International Interconnection (Inter Exchange Networks)

IXC backbone carrier facilities primarily use microwave and fiber transmission lines. Microwave systems offer medium capacity of up to several hundred Mbps communications with a range of 20-30 miles between towers. Fiber optic communication systems offer data transmission capacity of over one million Mbps (million million bits per second).

Microwave transmission systems transfer signal energy through an unobstructed medium (no blocking buildings or hills) between two or more points. In 1951, microwave radio transmission systems became the backbone of the telecommunications infrastructure. Microwave systems require a transducer to convert signal energy of one form into electromagnetic energy for transmission. The transducer must also focus the energy (using an antenna dish) so it may launch the energy in the desired direction. Some of the electromagnetic energy that is transmitted by microwave systems is absorbed by the water particles in the air.

Although the extensive deployment of fiber optic cable has removed some of need for microwave radio systems, microwave radio is still used in places that are hard to reach or not cost effectively served by fiber cable such as in developing countries.

Figure 1 shows a terrestrial microwave system-connecting IXC switches in Philadelphia and New York City. The microwave signals are moved between the two switching offices through a series of relay microwave systems located approximately 30 miles apart. Microwave is a line-of-sight technology that must take the earth’s curvature into consideration. Also note that microwave towers are not limited to only facing one or two directions. A single tower can be associated with several other towers by positioning and aiming additional transceiver antennas at other microwave antennas on other towers.

Figure 1: Long Haul Microwave

Fiber optic transmission is the transfer of information (usually in digital form) through the use of light pulses. Fiber optic transmission can be performed through glass fiber or through air. Fiber optic transmission lines are capable of extending up to 1200 km without amplifiers. Each fiber optic strand can carry up to 10 Gbps optical channels and a fiber can have many optical channels (called DWDM). Each fiber cable can have many strands of fiber.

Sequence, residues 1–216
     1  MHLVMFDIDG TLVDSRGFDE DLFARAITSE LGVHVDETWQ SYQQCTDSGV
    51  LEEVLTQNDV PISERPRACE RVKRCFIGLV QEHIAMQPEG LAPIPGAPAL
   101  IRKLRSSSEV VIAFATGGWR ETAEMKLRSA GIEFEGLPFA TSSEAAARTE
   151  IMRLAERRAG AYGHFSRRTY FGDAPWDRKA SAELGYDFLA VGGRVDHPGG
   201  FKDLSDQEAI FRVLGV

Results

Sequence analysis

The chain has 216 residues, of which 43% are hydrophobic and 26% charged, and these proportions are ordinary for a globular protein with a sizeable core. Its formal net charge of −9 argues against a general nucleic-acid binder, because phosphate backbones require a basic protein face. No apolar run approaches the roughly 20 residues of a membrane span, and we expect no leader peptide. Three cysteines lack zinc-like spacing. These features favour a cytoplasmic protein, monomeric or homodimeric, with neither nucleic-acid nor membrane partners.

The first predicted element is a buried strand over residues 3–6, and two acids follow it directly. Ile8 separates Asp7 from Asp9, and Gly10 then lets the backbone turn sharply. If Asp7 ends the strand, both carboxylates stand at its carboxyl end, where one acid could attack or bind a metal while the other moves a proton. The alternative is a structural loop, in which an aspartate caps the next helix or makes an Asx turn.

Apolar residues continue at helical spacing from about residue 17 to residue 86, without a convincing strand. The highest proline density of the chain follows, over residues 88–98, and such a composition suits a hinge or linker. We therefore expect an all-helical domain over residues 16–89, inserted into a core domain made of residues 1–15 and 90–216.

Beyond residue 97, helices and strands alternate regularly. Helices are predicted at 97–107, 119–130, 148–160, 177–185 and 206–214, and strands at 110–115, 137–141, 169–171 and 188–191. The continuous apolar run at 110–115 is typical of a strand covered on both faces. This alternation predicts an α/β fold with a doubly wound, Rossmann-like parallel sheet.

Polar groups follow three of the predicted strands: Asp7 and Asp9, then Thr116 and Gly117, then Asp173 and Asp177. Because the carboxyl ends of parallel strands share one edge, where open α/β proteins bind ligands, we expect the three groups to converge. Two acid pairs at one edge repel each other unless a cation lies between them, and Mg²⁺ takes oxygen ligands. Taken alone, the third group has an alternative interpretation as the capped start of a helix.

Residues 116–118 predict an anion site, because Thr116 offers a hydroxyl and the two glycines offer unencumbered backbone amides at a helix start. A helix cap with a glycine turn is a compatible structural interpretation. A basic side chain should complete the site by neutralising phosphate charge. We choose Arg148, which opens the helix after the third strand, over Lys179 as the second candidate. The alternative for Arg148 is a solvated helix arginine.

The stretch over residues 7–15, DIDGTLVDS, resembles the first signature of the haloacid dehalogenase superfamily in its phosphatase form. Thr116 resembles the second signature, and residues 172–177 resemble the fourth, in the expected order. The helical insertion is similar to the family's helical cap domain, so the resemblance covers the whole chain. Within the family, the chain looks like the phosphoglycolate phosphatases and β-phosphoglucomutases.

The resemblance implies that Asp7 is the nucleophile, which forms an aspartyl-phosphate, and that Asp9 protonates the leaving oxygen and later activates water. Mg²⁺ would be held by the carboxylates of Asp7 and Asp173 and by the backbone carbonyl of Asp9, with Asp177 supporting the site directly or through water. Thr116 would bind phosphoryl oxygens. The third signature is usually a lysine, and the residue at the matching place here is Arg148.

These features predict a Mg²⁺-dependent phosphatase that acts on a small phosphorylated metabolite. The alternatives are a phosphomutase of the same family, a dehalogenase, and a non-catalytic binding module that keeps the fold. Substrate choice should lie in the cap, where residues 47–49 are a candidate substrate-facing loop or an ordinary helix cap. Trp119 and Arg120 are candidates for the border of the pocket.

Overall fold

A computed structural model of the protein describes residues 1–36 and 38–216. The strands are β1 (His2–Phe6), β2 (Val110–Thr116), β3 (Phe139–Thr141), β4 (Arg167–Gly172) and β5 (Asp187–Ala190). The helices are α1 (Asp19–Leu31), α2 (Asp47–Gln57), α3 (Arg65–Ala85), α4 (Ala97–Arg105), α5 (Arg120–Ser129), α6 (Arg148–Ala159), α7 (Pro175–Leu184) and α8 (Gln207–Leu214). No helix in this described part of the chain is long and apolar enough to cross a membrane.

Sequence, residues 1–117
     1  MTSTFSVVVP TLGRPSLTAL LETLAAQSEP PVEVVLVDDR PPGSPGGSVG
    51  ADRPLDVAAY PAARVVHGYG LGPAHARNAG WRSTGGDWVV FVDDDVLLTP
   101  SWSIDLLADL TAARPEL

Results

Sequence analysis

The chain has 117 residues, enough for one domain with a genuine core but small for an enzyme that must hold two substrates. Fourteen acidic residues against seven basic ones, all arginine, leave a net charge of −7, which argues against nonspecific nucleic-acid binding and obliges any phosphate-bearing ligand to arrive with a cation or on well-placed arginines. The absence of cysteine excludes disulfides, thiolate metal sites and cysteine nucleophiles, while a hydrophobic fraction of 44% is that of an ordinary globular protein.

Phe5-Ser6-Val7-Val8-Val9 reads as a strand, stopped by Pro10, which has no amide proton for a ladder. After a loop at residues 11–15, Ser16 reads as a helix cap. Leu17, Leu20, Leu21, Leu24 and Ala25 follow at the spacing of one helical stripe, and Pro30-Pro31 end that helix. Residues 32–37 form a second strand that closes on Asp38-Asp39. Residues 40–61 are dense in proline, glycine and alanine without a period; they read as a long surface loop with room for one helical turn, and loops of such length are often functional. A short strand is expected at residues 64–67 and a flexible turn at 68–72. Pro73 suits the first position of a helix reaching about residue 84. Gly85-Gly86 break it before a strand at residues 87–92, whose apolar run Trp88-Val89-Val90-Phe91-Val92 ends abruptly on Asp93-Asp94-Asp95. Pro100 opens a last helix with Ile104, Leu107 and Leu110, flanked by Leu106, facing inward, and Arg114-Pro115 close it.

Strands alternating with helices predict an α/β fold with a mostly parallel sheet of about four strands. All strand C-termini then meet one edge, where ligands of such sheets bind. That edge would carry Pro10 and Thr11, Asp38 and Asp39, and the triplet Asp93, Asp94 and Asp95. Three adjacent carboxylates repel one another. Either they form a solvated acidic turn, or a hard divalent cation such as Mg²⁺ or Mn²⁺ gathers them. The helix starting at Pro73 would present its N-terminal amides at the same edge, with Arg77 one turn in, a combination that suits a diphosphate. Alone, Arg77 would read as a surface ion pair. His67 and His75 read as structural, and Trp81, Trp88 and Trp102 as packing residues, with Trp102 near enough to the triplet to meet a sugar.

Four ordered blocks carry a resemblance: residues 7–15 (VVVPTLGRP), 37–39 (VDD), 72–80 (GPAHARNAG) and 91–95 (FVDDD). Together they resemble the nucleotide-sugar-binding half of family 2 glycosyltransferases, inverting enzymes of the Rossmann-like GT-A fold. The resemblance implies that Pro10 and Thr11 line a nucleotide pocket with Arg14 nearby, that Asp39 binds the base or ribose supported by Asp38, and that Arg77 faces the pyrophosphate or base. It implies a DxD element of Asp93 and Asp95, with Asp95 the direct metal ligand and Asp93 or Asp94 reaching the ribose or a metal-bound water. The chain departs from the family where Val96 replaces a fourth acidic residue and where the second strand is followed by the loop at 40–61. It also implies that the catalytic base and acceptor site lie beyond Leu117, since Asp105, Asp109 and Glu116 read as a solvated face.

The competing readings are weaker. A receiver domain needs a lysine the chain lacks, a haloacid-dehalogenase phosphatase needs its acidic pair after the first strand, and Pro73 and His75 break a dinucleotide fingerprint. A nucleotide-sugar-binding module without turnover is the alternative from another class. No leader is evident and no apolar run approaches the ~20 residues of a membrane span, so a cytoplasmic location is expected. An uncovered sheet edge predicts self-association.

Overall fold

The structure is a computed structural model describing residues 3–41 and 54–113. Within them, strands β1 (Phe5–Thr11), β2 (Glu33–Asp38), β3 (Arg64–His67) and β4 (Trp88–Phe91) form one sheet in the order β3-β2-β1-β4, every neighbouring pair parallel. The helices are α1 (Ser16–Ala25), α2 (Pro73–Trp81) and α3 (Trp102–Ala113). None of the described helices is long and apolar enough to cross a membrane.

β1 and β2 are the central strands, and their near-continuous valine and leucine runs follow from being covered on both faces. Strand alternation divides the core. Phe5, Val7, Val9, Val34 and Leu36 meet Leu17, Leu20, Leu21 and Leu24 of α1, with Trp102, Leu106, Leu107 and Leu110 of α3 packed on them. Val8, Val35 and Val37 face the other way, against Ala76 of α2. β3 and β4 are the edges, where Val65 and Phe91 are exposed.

Fiber cable is relatively light, low cost, and can be easily installed in a variety of ways. It does not experience distortion from electrical interference and this allows it to be installed on high voltage power lines or in other places that have high levels of electromagnetic interference.

Figure 2 shows common installations of fiber optic cable. This diagram shows that fiber transmission systems are installed along railway and natural gas pipelines, under water, and along high voltage lines.

Figure 2: IXC Fiber Optical Cable Installation Options

High Speed Switching Systems
IXCs use high speed switching systems to interconnect transmission lines. The key high speed switching system used in IXC networks is asynchronous transfer mode (ATM). ATM is a fast packet switching technology that transports information through the use of small fixed length packets of data (53 byte cells).

The ATM system uses high-speed transmission facilities (155 Mbps/OC-3 and above). OC-3 is the entry-level speed for commercial ATM. Higher speeds (such as OC-192) are used in backbone networks of IXC’s and other specialized service providers. ATM service was developed to allow one communication technology (high-speed packet data) to provide for voice, data and video service in a single offering.

International Interconnection
International interconnection issues include converting transmission line and control signaling formats, transcoding different types of digital voice signals, and rating billing records.

IXC networks must be capable of converting transmission line formats. These include digital signaling standards (e.g., T1 to E1), different optical standards (SONET and SDH), and command signaling protocols differences such as ISDN signaling differences.

Transcoding is the conversion of digital signals from one coding format to another. Transcoding is necessary because the digital signal companding process that is used for encoding/decoding signals is different throughout the world. This companding process increases the dynamic range of a binary signal by assigning different weighted values to each bit of information than is defined by the binary system. The A-law encoding system is an international standard and the uLaw standard is used in the Americas.

IXC systems must be capable of creating billing record in different formats. Billing systems in different countries use different rating systems (e.g., flat rate compared to time usage). It may be necessary for IXCs to receive and pay in different currencies and currency exchange rates for different countries rapidly vary. The payment or receipt of payments for calls routed through the IXC must be settled through clearinghouse companies that have relationships with many IXC, LEC, and PTT operators.

Several independent companies have installed or operate international transmission lines. These international circuits may be leased to IXCs or to independent corporations. Companies that operate these international transmission lines are often called international carriers (IC’s) or international record carriers (IRC’s).

Figure 3 shows an IXC network that has many international interconnections. This diagram shows that various transmission systems are used for interconnection. There are several high capacity switching points in these networks with redundant links between them. Some of the interconnection lines are operated by satellite and transoceanic cable/fiber carrier services provided IC/IRCs.

Figure 3: International IXC Interconnections

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